A Strange Investing Strategy That's an Oasis for Desert Stocks

Oct 31, 2017

Tanushree Banerjee, Editor, The 5 Minute Wrapup

Over the Diwali weekend, I found my dad watching one of his favourite movies, Lawrence of Arabia...again! He's seen it a hundred times and never seems to tire of it.

For the first time, I decided to watch the movie with him. Dad's favourite scenes are where the hero, Lawrence, is desperately trying to survive the vast, empty, endless desert. And this dialogue, especially, is etched in his memory.

  • No Arab loves the desert. We love water and green trees, there is nothing in the desert. No man needs nothing.

So true. I found myself nodding along. In my line of work, we would have to say - 'no investor needs nothing'.

Irrespective of the investing approach, process and timeframe, an investor always hopes that something would turn in favour of the stock...

But there are so many endless stretches of aridity in the market s- where stocks just didn't work. Not just days or months...but years...several of them, when the stocks didn't move! And not just random stocks...the best of the best: Berkshire Hathaway, Coca Cola, Walmart and our very own Infosys and Hindustan Unilever!

You know that with my safety-first approach, I always look for stocks that can perform reasonably, no matter what. Solid, capital-efficient and high-dividend-paying companies are the best bet - if the company is good at allocating capital, stocks will work wonders even if you go wrong on assumptions like growth, margins, etc.

And in fact HUL, Infosys, Berkshire etc ARE those kinds of stocks - they will perform no matter what. Even after they had been wrong for a long time - these stocks rewarded shareholders handsomely.

But it's the long fallow period that most investors worry about. Stock returns are typically measured over a few years. So, if you feel like you have held on for three to five years and seen nothing - you might feel trapped.

Interestingly, my colleague Apurva, stumbled upon a solution to this 'entrapment'.

Looking through charts of the best performing stocks, like he always does, he noticed something interesting. Even when the stocks were suffering a long period of stagnancy in price movement, there were patterns that could have become money spinners.

Apurva quickly looked for such patterns across fundamentally sound stocks that have had periods of underperformance. And eventually developed his own Lawrence of Arabia-like survival strategy for stocks caught in the desert. The returns Apurva promises from them could literally be the oasis for return-thirsty investors.

This strategy may not be for everyone. But I would advise you to check it out for yourself - because it could just be right for you... You can read all about it here.

No Let Up in Capex by Consumer Led Sectors

The Indian economy is challenged by the abysmal capex in the private sector, and further waned by debt-ridden and cash-strapped sectors such as infrastructure and construction.

Consumption driven sectors, on the other hand, were relatively better-off as they witnessed an increase in investment opportunities backed by good demand. Resultantly, the companies operating in this sector recorded double-digit growth in their fixed assets or capex in the past one year. Sectors such as cement, tyres, auto ancillaries, and personal care registered robust double-digit growth in investments in the past one year.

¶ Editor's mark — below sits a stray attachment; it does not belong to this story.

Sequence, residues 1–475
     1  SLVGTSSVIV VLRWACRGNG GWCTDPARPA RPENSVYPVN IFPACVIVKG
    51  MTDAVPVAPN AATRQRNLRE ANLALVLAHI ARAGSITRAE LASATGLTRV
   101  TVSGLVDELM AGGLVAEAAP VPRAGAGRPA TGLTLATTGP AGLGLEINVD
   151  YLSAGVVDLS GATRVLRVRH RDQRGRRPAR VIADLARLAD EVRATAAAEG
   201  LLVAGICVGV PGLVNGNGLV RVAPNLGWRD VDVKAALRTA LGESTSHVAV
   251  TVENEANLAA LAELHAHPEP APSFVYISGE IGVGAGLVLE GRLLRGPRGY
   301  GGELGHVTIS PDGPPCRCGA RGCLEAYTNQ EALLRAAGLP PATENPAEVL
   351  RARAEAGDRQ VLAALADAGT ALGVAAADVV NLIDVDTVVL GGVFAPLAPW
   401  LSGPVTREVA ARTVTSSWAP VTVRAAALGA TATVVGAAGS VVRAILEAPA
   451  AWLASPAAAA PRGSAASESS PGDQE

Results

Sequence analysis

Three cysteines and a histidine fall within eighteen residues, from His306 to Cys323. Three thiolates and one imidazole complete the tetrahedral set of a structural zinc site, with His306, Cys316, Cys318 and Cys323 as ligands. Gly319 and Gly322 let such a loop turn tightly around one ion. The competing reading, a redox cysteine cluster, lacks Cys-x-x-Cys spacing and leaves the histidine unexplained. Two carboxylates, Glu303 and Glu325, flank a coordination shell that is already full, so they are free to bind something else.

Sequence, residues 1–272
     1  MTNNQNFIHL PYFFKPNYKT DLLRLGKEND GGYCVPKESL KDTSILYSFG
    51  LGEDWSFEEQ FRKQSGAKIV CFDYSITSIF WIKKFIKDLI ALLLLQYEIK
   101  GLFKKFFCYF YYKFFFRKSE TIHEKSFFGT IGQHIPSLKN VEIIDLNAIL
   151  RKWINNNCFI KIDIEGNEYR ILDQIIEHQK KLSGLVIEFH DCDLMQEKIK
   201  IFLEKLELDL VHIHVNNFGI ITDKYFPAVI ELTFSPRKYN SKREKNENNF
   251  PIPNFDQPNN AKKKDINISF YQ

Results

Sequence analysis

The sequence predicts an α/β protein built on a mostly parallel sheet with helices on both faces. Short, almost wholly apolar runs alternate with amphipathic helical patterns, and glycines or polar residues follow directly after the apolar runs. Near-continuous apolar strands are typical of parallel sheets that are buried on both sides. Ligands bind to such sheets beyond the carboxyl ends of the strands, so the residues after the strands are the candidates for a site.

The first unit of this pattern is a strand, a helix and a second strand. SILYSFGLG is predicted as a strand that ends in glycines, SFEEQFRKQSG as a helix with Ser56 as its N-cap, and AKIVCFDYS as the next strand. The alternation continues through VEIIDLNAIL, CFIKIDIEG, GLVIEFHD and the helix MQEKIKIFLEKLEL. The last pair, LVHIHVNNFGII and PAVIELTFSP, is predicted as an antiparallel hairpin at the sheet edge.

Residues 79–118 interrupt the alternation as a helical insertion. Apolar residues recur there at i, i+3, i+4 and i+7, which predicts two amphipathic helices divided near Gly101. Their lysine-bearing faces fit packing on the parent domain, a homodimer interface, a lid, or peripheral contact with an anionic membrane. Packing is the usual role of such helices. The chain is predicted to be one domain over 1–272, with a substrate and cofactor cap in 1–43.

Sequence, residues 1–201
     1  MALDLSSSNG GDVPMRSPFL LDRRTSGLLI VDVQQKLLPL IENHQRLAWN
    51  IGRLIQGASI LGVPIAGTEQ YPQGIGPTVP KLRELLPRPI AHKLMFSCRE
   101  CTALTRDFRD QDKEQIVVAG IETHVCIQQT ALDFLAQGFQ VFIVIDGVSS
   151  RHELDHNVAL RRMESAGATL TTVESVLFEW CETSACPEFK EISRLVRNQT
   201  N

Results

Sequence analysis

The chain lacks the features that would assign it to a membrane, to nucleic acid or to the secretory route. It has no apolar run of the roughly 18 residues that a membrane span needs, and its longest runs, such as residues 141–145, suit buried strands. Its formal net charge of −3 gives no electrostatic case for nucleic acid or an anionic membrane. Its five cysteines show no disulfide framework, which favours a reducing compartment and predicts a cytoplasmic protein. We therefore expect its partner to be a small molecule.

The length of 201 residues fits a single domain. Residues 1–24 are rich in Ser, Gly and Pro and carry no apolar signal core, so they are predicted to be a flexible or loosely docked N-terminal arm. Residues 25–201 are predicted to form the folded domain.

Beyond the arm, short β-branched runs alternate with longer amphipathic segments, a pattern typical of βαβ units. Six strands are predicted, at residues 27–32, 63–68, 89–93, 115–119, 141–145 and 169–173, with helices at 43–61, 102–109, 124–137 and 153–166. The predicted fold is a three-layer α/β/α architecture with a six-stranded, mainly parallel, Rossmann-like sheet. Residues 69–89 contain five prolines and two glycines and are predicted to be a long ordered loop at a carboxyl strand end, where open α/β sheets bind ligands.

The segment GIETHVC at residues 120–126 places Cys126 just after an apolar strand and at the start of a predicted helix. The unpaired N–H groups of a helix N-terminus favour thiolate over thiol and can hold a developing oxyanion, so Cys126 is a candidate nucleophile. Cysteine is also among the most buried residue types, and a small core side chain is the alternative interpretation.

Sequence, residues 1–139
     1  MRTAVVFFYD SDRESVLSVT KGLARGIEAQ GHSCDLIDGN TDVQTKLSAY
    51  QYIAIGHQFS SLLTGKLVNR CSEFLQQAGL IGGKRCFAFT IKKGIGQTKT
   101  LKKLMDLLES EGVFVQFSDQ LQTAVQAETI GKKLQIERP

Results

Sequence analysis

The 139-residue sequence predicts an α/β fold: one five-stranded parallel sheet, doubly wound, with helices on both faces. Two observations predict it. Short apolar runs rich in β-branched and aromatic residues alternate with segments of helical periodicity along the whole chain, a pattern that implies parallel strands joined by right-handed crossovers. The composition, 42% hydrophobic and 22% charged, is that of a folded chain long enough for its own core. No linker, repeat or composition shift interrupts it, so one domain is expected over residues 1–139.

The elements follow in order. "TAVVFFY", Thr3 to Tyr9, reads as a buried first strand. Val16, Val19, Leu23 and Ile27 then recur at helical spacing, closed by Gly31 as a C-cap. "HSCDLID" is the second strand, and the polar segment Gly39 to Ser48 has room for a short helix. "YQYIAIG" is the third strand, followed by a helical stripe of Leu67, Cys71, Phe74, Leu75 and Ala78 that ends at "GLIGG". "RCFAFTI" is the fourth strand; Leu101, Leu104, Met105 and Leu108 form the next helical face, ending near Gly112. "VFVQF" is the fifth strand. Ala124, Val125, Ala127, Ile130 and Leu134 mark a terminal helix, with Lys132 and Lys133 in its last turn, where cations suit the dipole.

Consumer Driven Business Frontline Capex Growth

To optimise the movement of people and goods across the country, in the aftermath of GST, the government recently announced mega investments to the tune of Rs 6.9 trillion to lay down a road network of 83,677 km over the next five years. The road construction plan includes the Bharatmala Pariyojana with a Rs 5.4 trillion investment toward road construction of 34,800 km. In addition, Rs 1.6 trillion will be spent on the construction of 48,877 km of roads by the state-run National Highway Authority of India (NHAI), and the ministry of road transport and highways. Improvement in road infrastructure is likely to bring down logistic costs and help improve the cost competitiveness of the manufacturing sector. This in turn is likely to spur the much-needed private sector investments in the country.

IPOs Turn Exit Routes

The IPO market is on a roll, hitting the highest level attained in more than a decade. However, majority of funds so raised will go to the selling shareholders instead of financing company growth. As per an Indian Express Report, 80% of the Rs 462.4 billion of funds raised in 2017 through public issues were offer-for-sale with a mere 20% being in the form of fresh capital issued. This is the lowest share of fresh capital raised through public issues since the previous low of 24.5% in 2003.

What this clearly shows is that existing shareholders are utilising the opportunity to make a neat profit on the stock markets as investor sentiments continue to run high. However, companies from the manufacturing or services sector are refraining from raising fresh capital that does not really bode well for the their long-term business growth. Unless there is a pick-up in investments by India Inc, a sustainable economic recovery will continue to remain elusive.

What the Markets Look Like Today

Indian equity markets opened the day on a flat note. At the time of writing, BSE Sensex was trading lower by 60 points and NSE-Nifty was lower by 13 points. Both the mid cap and small cap indices are trading up by 0.3% and 0.2%, respectively. Stocks from the consumer durable and capital goods are among the gainers.

Investment Mantra of the Day

"I never attempt to make money on the stock market. I buy on the assumption that they could close the market the next day and not reopen it for ten years." - Warren Buffett

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